Viking Army Councils

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The other day, I started writing my Östergötland book in earnest, and I’m really enjoying myself. Here’s a snippet of today’s work.

The oldest known territorial unit in Östergötland is the härad district (etymologically, “army council”), of which the province originally had eighteen. This division is generally taken to have been established at a single event in the Viking Period. There is little evidence to allow us to date that event closer, and it may have taken place after AD 1000 [the end-point of the period under study]. Most likely the härad division event had something to do with the military duties of the Östgötar to a king — of Östergötland, of Sweden, even of Denmark, we cannot tell.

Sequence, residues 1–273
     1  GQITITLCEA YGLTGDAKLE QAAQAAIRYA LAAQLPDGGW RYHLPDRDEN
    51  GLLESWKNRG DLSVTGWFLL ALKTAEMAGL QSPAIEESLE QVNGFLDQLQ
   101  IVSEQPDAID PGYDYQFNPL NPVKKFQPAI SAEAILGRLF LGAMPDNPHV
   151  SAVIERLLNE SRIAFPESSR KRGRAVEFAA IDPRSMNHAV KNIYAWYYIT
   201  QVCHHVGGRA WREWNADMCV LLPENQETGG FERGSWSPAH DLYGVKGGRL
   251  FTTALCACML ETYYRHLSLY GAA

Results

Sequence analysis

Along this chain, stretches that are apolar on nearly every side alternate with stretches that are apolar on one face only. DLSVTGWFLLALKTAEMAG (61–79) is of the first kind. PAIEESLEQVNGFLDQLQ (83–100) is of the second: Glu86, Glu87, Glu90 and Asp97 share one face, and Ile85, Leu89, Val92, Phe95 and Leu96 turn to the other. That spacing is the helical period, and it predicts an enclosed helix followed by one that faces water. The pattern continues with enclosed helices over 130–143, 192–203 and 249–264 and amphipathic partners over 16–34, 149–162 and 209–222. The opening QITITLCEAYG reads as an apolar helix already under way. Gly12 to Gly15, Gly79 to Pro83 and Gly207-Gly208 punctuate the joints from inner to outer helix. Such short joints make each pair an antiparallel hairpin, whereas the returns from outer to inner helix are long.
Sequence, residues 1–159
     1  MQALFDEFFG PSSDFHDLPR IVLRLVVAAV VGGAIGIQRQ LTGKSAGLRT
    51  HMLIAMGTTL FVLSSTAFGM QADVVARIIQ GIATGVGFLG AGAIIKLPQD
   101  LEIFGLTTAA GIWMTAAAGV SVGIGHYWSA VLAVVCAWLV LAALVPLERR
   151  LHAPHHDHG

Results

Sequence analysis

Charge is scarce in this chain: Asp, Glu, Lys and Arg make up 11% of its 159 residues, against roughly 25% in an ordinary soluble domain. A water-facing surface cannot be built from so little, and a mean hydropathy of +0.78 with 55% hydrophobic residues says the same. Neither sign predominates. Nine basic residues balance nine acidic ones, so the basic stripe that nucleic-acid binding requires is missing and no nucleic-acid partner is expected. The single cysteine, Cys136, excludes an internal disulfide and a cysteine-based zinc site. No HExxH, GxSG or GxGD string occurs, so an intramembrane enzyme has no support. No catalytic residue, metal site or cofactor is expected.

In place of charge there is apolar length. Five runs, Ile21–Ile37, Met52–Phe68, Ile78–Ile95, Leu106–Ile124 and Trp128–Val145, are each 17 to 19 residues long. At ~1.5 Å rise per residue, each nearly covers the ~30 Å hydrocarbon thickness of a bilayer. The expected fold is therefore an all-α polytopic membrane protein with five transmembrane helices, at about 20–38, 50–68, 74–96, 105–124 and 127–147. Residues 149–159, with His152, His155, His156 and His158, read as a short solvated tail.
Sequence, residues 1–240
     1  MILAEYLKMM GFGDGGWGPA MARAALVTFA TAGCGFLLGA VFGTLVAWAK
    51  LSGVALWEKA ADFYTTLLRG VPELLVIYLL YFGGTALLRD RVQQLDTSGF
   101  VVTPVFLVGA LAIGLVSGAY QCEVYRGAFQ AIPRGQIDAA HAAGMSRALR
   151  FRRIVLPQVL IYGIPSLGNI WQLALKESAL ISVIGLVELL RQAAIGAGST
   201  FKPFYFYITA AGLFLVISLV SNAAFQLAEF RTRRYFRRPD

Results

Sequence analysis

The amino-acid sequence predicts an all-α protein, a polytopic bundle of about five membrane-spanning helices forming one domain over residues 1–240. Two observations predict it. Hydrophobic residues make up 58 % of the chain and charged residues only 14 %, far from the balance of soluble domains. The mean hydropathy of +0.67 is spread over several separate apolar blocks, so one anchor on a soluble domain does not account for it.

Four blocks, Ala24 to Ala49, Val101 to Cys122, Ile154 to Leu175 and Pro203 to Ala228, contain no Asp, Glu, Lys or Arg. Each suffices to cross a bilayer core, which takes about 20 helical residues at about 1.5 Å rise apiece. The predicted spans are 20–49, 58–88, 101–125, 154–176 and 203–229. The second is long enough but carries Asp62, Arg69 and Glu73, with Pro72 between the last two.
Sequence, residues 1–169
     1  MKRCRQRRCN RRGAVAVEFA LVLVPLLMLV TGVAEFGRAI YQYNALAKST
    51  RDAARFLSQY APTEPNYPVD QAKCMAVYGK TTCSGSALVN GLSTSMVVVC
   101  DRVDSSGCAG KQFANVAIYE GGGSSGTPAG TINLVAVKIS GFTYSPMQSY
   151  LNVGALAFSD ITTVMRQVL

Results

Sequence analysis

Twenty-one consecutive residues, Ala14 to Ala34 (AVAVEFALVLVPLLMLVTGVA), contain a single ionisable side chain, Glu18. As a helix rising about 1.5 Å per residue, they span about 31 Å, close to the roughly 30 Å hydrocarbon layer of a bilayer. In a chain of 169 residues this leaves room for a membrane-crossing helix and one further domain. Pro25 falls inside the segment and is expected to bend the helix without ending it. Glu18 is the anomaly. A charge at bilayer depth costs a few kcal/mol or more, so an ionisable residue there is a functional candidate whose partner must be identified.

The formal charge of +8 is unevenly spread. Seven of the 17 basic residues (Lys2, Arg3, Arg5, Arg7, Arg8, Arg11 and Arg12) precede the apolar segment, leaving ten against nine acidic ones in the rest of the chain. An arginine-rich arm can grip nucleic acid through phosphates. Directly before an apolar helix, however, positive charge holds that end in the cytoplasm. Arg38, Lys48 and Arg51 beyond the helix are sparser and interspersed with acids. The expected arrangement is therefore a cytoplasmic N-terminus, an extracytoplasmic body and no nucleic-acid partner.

The division follows a neat baseline down the middle of the plains belt and generally does not correlate with natural features. It is thus unlikely to preserve vestiges of earlier territorial divisions. When parishes were laid out across the province in the 13th century, they were not made congruent with the härad system, though the judicial organisation continued to use it (with some modifications) as an organisational backbone throughout the Middle Ages and later. Thus, all in all, it seems that the härad system was used as originally intended only for a rather short period after its establishment, and that it is not relevant to earlier periods.

Each härad had a central judicial assembly site in the High Middle Ages, though in some cases there is evidence for assembly sites moving or competing. Whether these sites also had Viking Period pedigree is unknown.